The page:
Recently i was browsing in a lifelong favorite book, Lorna Doone. There is a little-known passage in it that i consider one of the loveliest passages in the English language. This nineteenth-century romance, actually set in seventeenth-century Exmoor, is the kind of comfortably long book that enables you to lose yourself in another world for a (long) while.
It’s about a protestant yeoman farmer, John Ridd, who falls in love with Lorna Dugal/Doone, grown up in a catholic outlaw band. their love is mutual, but Lorna’s outlaw band has friends in high places (has it been ever thus?) and she is whisked away to London to become accustomed to high society and claim an inheritance.
John feels that she is surely lost to him, until he finds hidden in a wall, a letter from her ending thus:
*"Of one thing, rest you well assured-- and I do hope that it may prove of service to your rest, love, else would my own be broken-- no difference of rank, or fortune, or of life itself, shall ever make me swerve from truth to you. We have passed through many troubles, dangers, and dispartments, but never yet was doubt between us; neither ever shall be. Each has trusted well the other, and still each must do so.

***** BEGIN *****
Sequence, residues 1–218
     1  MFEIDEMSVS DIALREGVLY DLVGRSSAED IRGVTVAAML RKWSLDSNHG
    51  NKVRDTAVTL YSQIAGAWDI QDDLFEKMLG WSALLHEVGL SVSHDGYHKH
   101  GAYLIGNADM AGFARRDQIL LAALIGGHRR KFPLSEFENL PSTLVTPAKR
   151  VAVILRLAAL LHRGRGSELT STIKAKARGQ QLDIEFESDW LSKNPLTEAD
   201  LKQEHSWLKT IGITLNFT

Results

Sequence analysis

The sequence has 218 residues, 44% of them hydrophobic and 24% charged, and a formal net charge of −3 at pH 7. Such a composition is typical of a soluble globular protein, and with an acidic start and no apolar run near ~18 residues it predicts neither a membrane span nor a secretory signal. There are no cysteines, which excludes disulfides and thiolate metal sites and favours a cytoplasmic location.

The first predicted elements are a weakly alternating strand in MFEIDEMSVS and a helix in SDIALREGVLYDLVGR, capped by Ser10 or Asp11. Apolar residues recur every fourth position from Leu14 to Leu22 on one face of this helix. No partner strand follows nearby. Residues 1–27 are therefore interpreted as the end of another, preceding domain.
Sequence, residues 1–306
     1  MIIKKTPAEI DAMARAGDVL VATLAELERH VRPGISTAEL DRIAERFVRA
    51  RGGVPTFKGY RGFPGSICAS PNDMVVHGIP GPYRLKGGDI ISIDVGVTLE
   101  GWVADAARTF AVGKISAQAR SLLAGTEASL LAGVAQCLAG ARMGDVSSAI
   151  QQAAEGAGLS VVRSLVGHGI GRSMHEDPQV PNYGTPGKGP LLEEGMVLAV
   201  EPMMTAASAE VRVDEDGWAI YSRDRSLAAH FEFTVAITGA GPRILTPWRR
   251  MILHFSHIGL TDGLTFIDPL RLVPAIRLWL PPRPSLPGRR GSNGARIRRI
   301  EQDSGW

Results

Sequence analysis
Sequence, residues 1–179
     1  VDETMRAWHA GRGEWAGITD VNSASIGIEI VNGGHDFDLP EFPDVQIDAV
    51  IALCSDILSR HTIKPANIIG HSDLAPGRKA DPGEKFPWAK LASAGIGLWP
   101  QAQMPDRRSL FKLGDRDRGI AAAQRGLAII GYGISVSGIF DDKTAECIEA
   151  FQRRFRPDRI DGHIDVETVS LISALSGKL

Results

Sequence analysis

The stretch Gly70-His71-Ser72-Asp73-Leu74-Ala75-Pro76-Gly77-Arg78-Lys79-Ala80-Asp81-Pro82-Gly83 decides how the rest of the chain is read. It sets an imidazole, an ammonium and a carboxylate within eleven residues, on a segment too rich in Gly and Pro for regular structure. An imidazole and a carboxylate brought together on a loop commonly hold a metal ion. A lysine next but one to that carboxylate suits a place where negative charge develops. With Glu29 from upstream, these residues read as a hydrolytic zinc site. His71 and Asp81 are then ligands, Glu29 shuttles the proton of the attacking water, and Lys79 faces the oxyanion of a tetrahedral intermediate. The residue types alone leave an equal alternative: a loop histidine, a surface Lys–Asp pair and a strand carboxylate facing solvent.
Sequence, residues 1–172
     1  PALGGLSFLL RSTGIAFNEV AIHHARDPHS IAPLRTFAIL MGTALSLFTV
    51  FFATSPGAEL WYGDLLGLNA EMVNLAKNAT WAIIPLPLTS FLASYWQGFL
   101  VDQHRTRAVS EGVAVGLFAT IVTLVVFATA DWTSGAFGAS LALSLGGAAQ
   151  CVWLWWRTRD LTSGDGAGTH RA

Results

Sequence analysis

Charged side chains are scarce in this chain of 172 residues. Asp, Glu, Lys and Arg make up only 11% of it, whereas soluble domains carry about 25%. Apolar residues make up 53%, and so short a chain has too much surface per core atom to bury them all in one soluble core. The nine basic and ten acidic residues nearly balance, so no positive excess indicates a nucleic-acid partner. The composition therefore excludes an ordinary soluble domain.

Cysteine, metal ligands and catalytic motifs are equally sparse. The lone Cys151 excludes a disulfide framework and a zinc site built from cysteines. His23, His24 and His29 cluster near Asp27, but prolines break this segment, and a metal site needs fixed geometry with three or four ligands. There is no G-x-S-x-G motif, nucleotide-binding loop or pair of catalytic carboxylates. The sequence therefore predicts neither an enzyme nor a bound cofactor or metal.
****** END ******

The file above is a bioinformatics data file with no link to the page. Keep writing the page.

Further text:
“Though they tell you I am false, though your own mind harbours it from the sense of things around and your own undervaluing, yet take counsel of your heart and cast such thoughts away from you. Being unworthy of itself, they must be unworthy also of the one who dwells there, and that one is, and ever shall be: your own Lorna Dugal.” *